Booming local job market expected in near future

Darvin Lamm, facility manager at AquaRanch, said preparations for constructing the fish farm are under way.

By Gabriel Monte: CNJ staff writer

As Illinois-based AquaRanch Industries waits for state approval to raise tilapia, a fish from the Nile River region sold for food, some construction for the fish farm has already started, officials say.

Facility manager Darvin Lamm said the farm would create about 175 jobs once it begins operation. Lamm said the company will provide employee training.

“(Tilapia is) not something that comes naturally to this area,” he said. “Fish is not something most people are savvy to.”

The fish farm is adding to the growing number of new jobs coming into the city. According to Clovis Industrial Development Corp. Executive Director Chase Gentry, about 1,000 new jobs will be created by the new industries, such as call centers and biodiesel plants, in five years. And these jobs will in turn create spin-off jobs in the retail and service industry, he said.

“In the economic theory of it all, if you build that base, then people have more money to spend, so then your retail and all of your community services grow with that,” he said.

The growth, while good for the economy, poses the problem of finding people to take new jobs. According to the CIDC Web site, the unemployment rate in the city is about 3.7 percent.

“I think in this area that’s the biggest problem, is that we don’t have a lot of unemployment,” said Eastern New Mexico University economics professor Sue Stockly.

Gentry said prospective employees could come with Air Force personnel for the new special operations mission at Cannon Air Force Base.

“We look at the growth that’s expected at Cannon Air Force Base, because they ramp up with the special operations mission. There’s going to be a large number of those spouses looking for jobs,” he said.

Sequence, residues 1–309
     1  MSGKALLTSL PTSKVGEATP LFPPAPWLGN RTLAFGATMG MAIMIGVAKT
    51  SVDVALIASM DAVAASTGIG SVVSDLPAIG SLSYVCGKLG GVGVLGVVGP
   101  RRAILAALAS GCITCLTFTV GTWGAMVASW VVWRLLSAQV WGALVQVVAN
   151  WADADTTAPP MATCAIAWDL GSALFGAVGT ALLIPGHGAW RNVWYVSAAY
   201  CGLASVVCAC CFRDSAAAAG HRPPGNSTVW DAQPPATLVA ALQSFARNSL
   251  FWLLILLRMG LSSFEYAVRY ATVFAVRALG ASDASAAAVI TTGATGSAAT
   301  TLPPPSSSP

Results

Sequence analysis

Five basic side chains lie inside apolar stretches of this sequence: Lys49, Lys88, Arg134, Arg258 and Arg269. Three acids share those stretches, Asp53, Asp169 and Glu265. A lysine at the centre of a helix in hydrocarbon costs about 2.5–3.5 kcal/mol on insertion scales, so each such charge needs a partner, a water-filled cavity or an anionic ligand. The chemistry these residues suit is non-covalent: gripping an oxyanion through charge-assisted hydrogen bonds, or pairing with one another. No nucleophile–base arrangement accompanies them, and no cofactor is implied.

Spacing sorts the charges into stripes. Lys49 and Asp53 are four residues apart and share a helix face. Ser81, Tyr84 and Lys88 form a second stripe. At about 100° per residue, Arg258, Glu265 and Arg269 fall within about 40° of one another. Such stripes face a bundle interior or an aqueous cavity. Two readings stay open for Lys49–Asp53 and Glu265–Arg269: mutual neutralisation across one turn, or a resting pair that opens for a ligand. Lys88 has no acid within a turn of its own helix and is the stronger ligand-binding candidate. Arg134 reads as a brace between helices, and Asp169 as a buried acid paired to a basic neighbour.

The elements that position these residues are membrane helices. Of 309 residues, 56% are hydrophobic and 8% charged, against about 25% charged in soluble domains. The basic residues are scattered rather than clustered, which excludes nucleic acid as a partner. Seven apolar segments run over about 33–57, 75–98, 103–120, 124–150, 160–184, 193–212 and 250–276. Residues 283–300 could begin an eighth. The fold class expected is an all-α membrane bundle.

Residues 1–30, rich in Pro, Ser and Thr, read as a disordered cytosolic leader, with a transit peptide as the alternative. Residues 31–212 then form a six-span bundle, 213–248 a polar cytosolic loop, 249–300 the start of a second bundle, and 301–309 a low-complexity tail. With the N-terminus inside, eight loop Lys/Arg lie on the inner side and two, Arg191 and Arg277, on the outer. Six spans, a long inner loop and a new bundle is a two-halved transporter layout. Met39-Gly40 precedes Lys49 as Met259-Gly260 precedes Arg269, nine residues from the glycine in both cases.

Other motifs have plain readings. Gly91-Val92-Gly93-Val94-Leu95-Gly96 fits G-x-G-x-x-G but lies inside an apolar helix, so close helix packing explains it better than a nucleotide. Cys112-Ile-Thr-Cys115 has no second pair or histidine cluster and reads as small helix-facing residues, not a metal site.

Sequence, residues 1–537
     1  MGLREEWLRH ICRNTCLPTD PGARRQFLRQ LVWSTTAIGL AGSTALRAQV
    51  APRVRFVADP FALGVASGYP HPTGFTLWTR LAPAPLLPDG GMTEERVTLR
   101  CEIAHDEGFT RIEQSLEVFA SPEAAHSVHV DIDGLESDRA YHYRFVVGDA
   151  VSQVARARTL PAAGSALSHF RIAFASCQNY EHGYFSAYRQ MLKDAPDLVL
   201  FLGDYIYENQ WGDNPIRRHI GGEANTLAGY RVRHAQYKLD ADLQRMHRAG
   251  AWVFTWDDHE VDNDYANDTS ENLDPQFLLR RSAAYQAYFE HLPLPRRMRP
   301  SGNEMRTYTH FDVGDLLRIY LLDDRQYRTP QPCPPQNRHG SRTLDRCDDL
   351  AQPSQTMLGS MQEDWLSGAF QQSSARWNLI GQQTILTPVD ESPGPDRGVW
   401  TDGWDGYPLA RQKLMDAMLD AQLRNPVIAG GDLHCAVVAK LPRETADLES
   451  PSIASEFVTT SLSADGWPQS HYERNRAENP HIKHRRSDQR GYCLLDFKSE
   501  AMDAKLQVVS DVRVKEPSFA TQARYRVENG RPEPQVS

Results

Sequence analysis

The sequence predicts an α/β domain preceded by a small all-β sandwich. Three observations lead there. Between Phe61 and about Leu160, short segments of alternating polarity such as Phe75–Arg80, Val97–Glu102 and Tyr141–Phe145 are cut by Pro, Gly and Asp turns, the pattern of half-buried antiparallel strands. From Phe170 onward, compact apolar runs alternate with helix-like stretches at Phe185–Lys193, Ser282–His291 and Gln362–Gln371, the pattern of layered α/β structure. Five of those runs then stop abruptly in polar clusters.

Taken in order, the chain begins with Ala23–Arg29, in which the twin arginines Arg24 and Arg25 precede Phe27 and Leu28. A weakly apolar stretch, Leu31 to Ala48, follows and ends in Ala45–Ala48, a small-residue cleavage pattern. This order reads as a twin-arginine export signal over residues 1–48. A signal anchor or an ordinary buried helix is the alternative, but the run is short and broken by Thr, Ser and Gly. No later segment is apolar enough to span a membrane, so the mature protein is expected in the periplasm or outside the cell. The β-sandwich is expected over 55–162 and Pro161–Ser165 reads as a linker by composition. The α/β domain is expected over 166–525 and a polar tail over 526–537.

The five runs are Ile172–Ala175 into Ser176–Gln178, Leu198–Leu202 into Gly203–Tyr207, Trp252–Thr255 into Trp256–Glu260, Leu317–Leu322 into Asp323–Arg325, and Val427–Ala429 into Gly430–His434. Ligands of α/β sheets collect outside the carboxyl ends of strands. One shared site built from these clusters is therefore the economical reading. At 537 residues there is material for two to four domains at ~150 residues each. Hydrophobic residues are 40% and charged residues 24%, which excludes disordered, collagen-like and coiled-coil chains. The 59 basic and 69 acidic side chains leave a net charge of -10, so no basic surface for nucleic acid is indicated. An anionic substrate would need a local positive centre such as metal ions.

But it will take at least until 2012 before the base could bring a sizable number of people to Clovis, according to Gentry.

Gentry said the younger generation could be another source of labor if they could be convinced to stay.

But Stockly said the high high school dropout rate in the Portales-Clovis area produces low-skilled workers.

“These jobs might have to be filled by either attracting people from other states, other communities within the state or strengthening our educational system and try to get more people to graduate high school,” she said.

Gentry said the possibility of creating a vocational technical high school was discussed at the last Clovis/Curry County Chamber of Commerce board meeting.

“I think there’s some interest in the educational community. I think there’s also an interest in industries such as Southwest Cheese and others to help develop a skilled workforce that will stay in this community and fill the positions that are available,” he said.

Lamm said he does not see finding workers a problem in the future, even if the farm could grow to 500 employees after five years of operation.

“I’ve been here for 35 years and I’ve always been able to find good help,” Lamm said. “There are people that want to work and the best offering we can make right now is not only reasonable pay but also benefits down the line.”

Number of jobs expected from new industries:
White Hat Energy: 247*
American Medical Alert:175
AquaRanch Industries: 500*
Clovis Biodiesel: 13
American Renewable Fuels: 50

*Jobs expected in 5 years.